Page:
About 10% of electricity in the U.S. is created by moving water, or hydropower, according to the U.S. Department of Energy’s Hydropower Vision report, which also found great potential in improving hydropower systems to meet more U.S. energy needs. Now the DOE is investing about $7.5 million into research projects to improve hydropower and reduce electricity costs for consumers.
Part of that investment includes a $999,554 grant to a Missouri S&T research team to improve and evaluate better models for pumped storage hydropower (PSH) — a subset of hydropower that uses water storage in reservoirs to generate energy.
“A pumped storage hydro plant is a special plant that can both generate electricity and consume electricity,” says Rui Bo, the principal investigator on the grant and an assistant professor of electrical and computer engineering.
A PSH plant uses two water reservoirs at different elevations to generate power as the water descends through a turbine. To generate energy continuously, the plant pumps water from the lower reservoir to the upper reservoir and the cycle starts again. The Taum Sauk Energy Center near Lesterville, Mo., is one example of a PSH plant. It is operated by St. Louis-based Ameren, one of the industry partners on this project.
“It may sound odd to use energy to pump the water up and then you’re using the water to generate energy again,” says Bo. “But the reservoirs serve different purposes at different times.”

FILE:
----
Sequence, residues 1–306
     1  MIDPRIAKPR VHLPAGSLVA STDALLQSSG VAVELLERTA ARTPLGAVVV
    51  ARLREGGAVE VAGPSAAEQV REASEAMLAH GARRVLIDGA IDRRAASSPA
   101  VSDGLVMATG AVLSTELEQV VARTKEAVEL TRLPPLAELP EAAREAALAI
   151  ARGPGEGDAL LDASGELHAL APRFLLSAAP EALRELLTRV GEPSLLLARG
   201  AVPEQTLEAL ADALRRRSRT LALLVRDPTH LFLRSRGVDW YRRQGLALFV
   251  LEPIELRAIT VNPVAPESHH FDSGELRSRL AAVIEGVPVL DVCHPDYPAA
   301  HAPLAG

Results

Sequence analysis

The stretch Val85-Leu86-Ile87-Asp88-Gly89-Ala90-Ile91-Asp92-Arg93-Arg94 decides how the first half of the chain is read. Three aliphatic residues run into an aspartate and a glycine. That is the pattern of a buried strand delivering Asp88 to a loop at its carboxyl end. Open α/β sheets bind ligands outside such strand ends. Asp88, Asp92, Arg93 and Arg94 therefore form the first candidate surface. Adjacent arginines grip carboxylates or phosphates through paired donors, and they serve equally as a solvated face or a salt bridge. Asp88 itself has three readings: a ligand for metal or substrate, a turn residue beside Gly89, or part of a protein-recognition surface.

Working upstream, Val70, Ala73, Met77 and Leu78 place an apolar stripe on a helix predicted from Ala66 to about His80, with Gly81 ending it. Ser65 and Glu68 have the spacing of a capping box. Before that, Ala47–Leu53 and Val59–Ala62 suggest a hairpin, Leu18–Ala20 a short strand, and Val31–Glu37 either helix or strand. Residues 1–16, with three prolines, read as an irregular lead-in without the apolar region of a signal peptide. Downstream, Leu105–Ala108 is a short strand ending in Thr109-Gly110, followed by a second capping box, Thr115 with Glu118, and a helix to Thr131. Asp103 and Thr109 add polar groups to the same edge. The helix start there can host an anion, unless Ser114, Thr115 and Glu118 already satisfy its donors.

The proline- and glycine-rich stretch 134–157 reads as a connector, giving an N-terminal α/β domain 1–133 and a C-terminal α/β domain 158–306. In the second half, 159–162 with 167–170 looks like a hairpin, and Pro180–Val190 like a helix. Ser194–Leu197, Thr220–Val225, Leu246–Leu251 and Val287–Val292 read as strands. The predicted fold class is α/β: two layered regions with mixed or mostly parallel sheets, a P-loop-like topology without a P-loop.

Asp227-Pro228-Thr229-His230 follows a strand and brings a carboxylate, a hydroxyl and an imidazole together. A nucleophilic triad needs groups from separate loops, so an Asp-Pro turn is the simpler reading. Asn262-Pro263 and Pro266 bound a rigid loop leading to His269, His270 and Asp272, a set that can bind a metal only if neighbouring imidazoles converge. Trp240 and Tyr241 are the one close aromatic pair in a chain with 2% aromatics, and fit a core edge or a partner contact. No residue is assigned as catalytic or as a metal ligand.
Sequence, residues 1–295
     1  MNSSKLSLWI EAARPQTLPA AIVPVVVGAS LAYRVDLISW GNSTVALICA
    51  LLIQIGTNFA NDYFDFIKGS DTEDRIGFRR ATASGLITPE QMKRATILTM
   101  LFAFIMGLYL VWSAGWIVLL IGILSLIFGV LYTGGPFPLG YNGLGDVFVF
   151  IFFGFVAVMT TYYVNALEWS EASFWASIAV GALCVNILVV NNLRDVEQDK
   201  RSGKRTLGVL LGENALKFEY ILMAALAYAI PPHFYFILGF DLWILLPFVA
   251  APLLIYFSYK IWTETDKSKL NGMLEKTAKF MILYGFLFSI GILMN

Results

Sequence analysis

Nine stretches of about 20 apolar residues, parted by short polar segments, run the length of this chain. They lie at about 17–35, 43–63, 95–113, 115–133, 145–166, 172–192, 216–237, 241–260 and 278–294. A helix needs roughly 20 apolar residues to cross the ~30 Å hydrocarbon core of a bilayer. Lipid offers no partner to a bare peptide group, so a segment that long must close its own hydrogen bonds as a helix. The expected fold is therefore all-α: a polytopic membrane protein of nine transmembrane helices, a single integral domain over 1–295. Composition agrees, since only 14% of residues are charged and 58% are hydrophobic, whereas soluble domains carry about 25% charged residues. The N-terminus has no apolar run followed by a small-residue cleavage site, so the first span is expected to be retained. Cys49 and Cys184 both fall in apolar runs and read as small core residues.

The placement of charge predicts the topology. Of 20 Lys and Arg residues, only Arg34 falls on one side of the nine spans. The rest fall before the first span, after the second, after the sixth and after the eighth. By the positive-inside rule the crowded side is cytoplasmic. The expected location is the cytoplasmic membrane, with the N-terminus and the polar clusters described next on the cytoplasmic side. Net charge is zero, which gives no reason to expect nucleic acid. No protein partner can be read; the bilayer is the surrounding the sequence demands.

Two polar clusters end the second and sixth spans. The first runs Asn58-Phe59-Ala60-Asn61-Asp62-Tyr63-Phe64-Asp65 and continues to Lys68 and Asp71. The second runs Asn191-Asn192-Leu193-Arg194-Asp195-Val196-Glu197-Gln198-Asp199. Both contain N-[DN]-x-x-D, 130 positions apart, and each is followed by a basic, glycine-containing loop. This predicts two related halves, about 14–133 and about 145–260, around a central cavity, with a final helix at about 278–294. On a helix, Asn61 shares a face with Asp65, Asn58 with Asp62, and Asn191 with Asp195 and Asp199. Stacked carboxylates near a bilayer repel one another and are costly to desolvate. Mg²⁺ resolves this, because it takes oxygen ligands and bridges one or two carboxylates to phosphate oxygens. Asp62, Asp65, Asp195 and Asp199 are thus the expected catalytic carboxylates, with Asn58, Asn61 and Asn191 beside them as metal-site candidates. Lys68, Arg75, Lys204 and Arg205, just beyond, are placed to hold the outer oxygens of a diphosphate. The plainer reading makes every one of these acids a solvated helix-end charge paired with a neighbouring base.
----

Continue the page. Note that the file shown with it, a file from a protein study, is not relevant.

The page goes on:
The process works like a rechargeable battery — storing and expending power when needed, Bo says.
“You want to generate power when the system is in need of more energy and the price is higher,” Bo explains. “When you pump water, you choose the time when the energy demand or load is low and the price is low.”
Bo says when operated efficiently, the cycle makes sense economically.
“Hydro plants are also very flexible,” he says. “They can adjust the amount of electricity they generate really quickly. In contrast, a coal-fired power plant involves a complex thermal process that is not as fast.”
Other renewable energies, such as wind and solar, are intermittent resources that depend on the weather to generate energy. The result is that other conventional electricity generation must adjust up and down accordingly to compensate.
PSH plants can help the system deal with this issue to integrate renewables.
“The PSH plants don’t emit air pollutants when generating power, and they can enable the use of more renewable energy. That makes it possible to reduce emissions. It can also defer investment in generation and transmission,” says Bo. “If we don’t operate PSH plants efficiently, we would need other generators to compensate for that.”
Missouri S&T is joining with system operators, research institutions and industry leaders to test new PSH models in real-world conditions.
“We will use real data to generate real benefits to consumers. If this project is successful, it has the potential to be applied in energy markets across the U.S.,” says Bo.